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The Brewers Association reported yesterday that:

The American brewing industry reached another milestone at the end of June, with more than 3,000 breweries operating for all or part of the month (3,040 to be precise). Although precise numbers from the 19th century are difficult to confirm, this is likely the first time the United States has crossed the 3,000 brewery barrier since the 1870s. The Internal Revenue Department counted 2,830 “ale and lager breweries in operation” in 1880, down from a high point of 4,131 in 1873.

What does 3,000 breweries mean? For one, it represents a return to the localization of beer production, with almost 99% of the 3,040 breweries being small and independent. The majority of Americans live within 10 miles of a local brewery, and with almost 2,000 planning breweries in the BA database, that percentage is only going to climb in the coming years.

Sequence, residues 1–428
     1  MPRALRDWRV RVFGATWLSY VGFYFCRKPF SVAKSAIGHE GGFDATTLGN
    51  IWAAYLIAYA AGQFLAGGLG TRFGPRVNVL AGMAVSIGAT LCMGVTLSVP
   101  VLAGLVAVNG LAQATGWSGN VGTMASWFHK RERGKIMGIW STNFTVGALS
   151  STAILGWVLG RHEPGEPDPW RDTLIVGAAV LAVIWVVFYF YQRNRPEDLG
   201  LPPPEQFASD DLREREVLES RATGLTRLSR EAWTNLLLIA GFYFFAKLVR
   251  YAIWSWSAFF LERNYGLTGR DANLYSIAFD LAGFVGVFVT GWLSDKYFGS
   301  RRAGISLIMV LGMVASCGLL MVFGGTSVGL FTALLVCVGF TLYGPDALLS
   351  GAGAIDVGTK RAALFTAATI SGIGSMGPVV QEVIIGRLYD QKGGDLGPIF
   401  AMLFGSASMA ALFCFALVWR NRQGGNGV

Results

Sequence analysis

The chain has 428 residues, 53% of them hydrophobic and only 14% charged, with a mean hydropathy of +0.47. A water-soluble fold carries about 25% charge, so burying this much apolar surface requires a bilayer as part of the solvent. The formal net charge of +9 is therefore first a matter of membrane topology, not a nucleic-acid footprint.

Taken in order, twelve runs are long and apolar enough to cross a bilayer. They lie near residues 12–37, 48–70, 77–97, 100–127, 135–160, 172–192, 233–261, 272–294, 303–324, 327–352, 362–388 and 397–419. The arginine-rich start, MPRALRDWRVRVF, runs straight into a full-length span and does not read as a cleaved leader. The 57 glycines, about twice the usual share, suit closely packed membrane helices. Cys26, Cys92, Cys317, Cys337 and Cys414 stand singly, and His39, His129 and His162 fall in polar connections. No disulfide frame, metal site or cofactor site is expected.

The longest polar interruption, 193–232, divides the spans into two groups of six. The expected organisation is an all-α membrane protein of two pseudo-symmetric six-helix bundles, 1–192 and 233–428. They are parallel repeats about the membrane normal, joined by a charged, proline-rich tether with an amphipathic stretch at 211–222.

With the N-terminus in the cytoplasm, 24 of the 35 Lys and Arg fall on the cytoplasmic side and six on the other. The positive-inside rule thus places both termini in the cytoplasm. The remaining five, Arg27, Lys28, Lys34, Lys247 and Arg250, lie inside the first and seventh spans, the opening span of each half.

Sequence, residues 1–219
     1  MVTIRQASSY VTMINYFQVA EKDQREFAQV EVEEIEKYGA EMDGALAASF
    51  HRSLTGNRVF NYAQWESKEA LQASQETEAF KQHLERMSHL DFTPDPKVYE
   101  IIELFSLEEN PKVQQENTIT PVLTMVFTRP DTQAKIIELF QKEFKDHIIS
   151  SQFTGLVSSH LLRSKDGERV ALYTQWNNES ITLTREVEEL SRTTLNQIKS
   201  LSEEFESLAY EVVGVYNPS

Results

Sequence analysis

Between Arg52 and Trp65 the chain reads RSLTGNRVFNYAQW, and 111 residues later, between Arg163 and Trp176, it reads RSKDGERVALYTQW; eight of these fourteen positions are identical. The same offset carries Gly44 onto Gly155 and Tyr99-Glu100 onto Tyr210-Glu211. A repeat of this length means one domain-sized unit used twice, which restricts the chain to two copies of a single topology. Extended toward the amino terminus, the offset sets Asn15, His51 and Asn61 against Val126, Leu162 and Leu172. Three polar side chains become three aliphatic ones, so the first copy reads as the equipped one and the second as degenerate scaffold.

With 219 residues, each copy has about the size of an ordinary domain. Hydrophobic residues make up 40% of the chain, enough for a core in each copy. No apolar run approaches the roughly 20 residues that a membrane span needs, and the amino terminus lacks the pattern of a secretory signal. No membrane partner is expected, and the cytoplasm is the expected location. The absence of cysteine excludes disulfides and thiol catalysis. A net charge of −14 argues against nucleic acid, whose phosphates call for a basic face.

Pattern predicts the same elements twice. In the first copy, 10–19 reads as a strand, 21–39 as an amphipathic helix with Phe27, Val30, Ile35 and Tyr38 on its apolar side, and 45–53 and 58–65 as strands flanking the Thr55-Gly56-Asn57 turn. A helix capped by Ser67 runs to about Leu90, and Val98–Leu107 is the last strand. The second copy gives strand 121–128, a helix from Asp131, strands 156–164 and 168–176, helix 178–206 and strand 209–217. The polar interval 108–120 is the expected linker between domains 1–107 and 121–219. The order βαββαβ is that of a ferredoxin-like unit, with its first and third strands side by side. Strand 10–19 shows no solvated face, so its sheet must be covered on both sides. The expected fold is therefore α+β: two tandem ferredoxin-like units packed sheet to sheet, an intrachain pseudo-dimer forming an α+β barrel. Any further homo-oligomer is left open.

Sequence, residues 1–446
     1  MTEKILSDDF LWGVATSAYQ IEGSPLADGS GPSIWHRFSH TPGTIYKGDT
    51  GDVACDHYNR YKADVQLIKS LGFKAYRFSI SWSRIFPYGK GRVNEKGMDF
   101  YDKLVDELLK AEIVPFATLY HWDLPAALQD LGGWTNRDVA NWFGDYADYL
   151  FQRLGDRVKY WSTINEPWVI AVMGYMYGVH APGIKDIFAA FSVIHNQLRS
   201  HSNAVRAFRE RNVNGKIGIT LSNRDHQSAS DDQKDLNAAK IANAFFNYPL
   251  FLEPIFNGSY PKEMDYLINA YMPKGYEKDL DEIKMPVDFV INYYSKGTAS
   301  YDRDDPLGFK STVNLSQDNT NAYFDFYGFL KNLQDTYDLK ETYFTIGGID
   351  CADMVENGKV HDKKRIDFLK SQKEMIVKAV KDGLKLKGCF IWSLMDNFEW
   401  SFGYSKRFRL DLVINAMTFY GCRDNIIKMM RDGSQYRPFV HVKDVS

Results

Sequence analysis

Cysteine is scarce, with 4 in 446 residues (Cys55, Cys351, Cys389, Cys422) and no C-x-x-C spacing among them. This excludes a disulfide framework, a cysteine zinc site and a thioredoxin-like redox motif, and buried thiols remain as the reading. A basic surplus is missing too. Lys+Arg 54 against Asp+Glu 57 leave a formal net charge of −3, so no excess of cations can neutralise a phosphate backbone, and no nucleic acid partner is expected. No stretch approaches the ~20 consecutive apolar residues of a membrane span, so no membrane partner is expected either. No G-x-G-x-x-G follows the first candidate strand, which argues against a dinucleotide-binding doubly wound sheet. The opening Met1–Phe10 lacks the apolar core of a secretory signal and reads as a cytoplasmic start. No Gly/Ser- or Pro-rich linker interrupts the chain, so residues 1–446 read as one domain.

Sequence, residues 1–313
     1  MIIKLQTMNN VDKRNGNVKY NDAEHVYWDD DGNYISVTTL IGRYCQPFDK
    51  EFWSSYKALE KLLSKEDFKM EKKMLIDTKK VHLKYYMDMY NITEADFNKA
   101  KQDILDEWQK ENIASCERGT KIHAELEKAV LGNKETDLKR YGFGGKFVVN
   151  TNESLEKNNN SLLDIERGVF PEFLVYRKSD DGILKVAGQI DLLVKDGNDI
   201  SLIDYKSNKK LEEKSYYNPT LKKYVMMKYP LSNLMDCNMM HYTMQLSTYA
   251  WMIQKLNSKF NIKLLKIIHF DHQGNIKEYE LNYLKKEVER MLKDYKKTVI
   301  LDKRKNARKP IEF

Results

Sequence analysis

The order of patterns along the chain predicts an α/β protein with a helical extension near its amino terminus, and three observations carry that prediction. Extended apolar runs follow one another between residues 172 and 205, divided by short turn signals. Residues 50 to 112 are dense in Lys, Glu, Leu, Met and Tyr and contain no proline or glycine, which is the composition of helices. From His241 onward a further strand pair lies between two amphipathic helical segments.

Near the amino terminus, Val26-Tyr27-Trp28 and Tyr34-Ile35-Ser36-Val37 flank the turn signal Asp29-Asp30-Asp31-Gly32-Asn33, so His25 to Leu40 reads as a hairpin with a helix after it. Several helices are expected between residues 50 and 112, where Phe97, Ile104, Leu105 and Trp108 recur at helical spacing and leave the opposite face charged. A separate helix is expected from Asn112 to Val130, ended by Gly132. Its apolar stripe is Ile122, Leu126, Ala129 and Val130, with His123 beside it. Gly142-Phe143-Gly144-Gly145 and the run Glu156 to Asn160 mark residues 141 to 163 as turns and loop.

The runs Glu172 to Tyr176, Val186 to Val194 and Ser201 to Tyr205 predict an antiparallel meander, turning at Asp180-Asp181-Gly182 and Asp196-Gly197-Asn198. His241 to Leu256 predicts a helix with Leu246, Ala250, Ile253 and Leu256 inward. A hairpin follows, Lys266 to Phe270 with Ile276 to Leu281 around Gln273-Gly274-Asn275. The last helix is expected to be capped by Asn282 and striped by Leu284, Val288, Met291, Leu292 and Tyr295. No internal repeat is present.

Secondly, it means that competition continues to increase, and that brewers will need to further differentiate and focus on quality if they are going to succeed in a crowded marketplace. While a national brewery number is fairly irrelevant without understanding local marketplaces, 3,040 breweries could not happen without increased competition in many localities.

MP: In addition to the animated graphic above, there’s an interactive chart of the annual brewery count from 1873 to 2014 here. Note that in every year from 1977 to 1984 there were fewer than 100 breweries in the US, and the low point was 1978, when there were only 89 breweries. By 2007, there were about 1,500 breweries, and that number had doubled to more than 3,000 in less than 7 years! There’s never been a better time to be a serious beer drinker than today, given the awesome selection of craft beers from every part of the country. Welcome to the Golden Age of Beer - there’s no stagnation for this part of the economy!